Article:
Fabrizio De André


Fabrizio De André
Fabrizio De André
Born 18 February 1940(1940-02-18)
Origin Genoa, Italy
Died 11 January 1999(1999-01-11) (aged 58)
Genres Folk rock
Occupations Singer-songwriter
Instruments Vocals, guitar, acoustic guitar, classical guitar
Years active 1958–1999
Labels Karim, Sony BMG, Ricordi
Website fondazionedeandre.it

Fabrizio De André (18 February 1940 - 11 January 1999) was an Italian singer-songwriter. In his works he often told stories of marginalized and rebellious people, prostitutes and knaves, and attacked the Catholic Church.[1] In Italy and in the rest of world he is considered a poet because of the quality of his lyrics. He was an atheist.[2]

Contents

Biography

De André was born in Genova, welcomed into the world by Gino Marinuzzi's "Country Waltz" on the home gramophone. Twenty-five years later, Fabrizio De André would set his "Waltz for a Love" to Marinuzzi's waltz tune.

When the war broke out, the De Andre' family had to seek refuge in a country farm near Revignano (a little town near Asti), in the Piemonte. Fabrizio's father, who was an Anti-fascista pursued by the police, joined the partisans. In 1945 the De André family moved back to Genova. Fabrizio went to primary school, first at the Marcellian Sisters' School and, later, at the Cesare Battisti public school. He went on to the Liceo Classico "Cristoforo Colombo"; after his final examination, he enrolled in the Law School of the University of Genova; but he did not graduate (he gave up when he had only a few exams left). De Andre' played the violin first, then the guitar, and joined a number of local jazz bands (jazz was his "first love").

First recordings

In 1961 De Andre' recorded his first two songs, "Nuvole barocche" ("Baroque Clouds") and "E fu la notte" ("And There Was Night"); in 1962 he married Puny Rignon, a Genoese woman nearly ten years older. That same year the couple had their first and only son, Cristiano, who would follow in his father's footsteps and become a musician and songwriter as well.

In the following years De André wrote a number of songs which made him known to a larger public, soon becoming classic hits: "La guerra di Piero" ("Peter's War"), "La ballata dell'eroe" ("The Hero's Ballad"), "Il testamento di Tito" ("Titus's Will"), "La Ballata del Michè" ("Mike's Ballad"), "Via del Campo" (literally "Field Street", a famous street in Genoa), "La canzone dell'amore perduto" ("Song for the Lost Love"), "La città vecchia" ("Old Downtown"), "Carlo Martello ritorna dalla battaglia di Poitiers" ("Charles Martel on His Way Back from Poitiers", written together with actor Paolo Villaggio, one of De André closest friends), and "La canzone di Marinella" ("Marinella's Song").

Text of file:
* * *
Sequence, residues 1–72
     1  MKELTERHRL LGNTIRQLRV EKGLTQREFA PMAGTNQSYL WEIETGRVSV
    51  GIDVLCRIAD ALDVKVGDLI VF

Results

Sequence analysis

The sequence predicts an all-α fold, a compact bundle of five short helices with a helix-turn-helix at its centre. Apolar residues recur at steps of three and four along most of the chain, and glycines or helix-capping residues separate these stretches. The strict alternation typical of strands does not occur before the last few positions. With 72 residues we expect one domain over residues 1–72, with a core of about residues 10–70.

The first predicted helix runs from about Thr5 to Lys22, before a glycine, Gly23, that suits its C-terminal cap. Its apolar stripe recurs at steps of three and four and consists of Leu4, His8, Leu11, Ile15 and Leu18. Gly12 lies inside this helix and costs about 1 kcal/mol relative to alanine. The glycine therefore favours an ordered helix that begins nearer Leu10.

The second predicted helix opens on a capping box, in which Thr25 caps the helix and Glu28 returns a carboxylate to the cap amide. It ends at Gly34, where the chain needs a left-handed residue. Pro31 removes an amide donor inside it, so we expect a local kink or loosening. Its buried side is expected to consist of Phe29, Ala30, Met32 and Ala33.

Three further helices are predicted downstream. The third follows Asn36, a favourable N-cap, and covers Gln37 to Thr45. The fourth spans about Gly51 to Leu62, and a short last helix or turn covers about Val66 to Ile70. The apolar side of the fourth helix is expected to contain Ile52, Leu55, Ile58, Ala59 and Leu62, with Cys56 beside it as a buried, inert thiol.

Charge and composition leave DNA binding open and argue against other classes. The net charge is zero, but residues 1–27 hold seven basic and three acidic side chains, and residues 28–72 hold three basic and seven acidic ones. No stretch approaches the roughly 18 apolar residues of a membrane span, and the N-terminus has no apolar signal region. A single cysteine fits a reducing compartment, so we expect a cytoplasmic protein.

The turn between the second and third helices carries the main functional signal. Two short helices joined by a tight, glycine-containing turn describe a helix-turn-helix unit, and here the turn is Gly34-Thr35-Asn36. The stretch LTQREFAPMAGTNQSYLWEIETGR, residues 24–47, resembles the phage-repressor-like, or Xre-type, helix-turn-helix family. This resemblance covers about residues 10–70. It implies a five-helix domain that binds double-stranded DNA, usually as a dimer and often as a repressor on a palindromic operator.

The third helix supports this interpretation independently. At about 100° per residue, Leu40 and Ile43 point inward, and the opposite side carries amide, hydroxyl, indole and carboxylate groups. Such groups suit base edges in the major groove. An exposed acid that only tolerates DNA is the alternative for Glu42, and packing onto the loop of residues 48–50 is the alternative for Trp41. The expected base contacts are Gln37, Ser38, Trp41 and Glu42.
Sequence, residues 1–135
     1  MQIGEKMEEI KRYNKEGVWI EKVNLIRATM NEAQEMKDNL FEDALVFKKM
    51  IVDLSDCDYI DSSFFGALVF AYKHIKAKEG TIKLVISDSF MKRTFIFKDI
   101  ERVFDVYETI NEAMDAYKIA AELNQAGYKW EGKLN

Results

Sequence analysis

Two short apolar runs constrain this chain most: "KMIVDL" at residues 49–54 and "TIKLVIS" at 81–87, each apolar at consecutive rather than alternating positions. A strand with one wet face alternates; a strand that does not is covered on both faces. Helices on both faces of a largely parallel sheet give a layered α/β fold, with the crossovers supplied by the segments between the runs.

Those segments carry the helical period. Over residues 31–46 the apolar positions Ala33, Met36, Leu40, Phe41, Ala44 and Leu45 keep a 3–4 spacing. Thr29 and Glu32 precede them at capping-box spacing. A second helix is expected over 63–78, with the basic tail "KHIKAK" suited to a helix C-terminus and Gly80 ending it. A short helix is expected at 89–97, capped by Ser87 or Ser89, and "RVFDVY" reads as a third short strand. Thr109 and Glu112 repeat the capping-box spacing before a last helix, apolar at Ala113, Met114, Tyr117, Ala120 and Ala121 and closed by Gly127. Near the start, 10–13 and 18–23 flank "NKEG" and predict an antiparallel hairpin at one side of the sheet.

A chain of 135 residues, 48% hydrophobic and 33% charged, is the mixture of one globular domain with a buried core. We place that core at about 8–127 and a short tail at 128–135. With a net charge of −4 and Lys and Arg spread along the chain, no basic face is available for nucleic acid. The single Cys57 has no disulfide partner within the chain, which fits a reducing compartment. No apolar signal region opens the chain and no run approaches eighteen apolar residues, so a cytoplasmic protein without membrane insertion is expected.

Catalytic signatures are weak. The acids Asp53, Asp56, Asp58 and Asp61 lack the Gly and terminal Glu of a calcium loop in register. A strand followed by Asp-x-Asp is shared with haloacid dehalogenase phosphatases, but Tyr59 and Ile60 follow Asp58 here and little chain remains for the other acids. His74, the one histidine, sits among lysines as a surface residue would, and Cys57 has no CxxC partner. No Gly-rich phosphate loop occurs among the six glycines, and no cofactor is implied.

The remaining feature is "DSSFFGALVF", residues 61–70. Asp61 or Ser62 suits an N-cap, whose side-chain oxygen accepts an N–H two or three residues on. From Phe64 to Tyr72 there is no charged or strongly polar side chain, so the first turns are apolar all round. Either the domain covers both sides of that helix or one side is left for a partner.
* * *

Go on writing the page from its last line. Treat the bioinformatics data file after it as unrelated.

Volume 1

Volume I

De André's first LP, Volume 1, was issued shortly after (1968), followed by Tutti morimmo a stento ("We All Died Agonizingly") and Volume 3; both LPs soon reached the top of the Italian hit-parade. The former contained a personal version of "Eroina" ("Heroin") by the poet Riccardo Mannerini, entitled "Cantico dei drogati" ("Canticle of the Junkies").

La buona novella

In 1970 De André wrote La buona novella ("The Good News" - a literal rendition of the etymology of gospel), a concept album based on Christ's life as told in the Apocrypha. The album was very controversial, especially the song "Il testamento di Tito" ("Titus's Will"), in which one of the thieves crucified together with Jesus violently refutes the Ten Commandments. He had written a number of songs (like "Preghiera in Gennaio", "Prayer in January", and "Si chiamava Gesù", "His Name Was Jesus") in which he showed a Christian-like open-minded spirit and in the meantime invited the audience in his own delicate way to think about the manipulation of the church.

Non al denaro non all'amore né al cielo

In 1971 he wrote another celebrated concept album, Non al denaro non all'amore né al cielo ("Neither to money, nor to love, nor to Heaven"), based on Edgar Lee Masters's Spoon River Anthology; in an interview the LP was introduced to Fernanda Pivano, the first Italian translator of the "Anthology" and one of Cesare Pavese's most intimate friends. Fabrizio De André's name began to be associated with literature and poetry, and some of his songs found their way into school books.

Storia di un impiegato and Canzoni

In 1973 he wrote his most "political" album, Storia di un impiegato ("Story of an Employee").
The following year, De André issued Canzoni ("Songs"), a collection of his translations from Georges Brassens, Leonard Cohen and Bob Dylan. The album also included a number of his old songs from the 1960s.

Volume 8

In 1975 De André (who, meanwhile, had divorced his wife Puny and begun a relationship with the folksinger Dori Ghezzi) wrote Volume 8 with another famous Italian singer-songwriter, Francesco De Gregori. With this album, he broke with "tradition" in order to find a new approach to poetry and music. The lyrics show how deep the influence of modern poetry is on De André's work. 1975 marked a real change in De André's life: he began to perform in a series of memorable concerts (after his first performances of the early 1960s, he had always refused to appear in public, except for a couple of TV broadcastings), and planned to move to Sardinia with his new love. To this purpose, he bought the Agnata homestead, near Tempio Pausania, in the northern part of the island, devoting himself to farming and cattle breeding.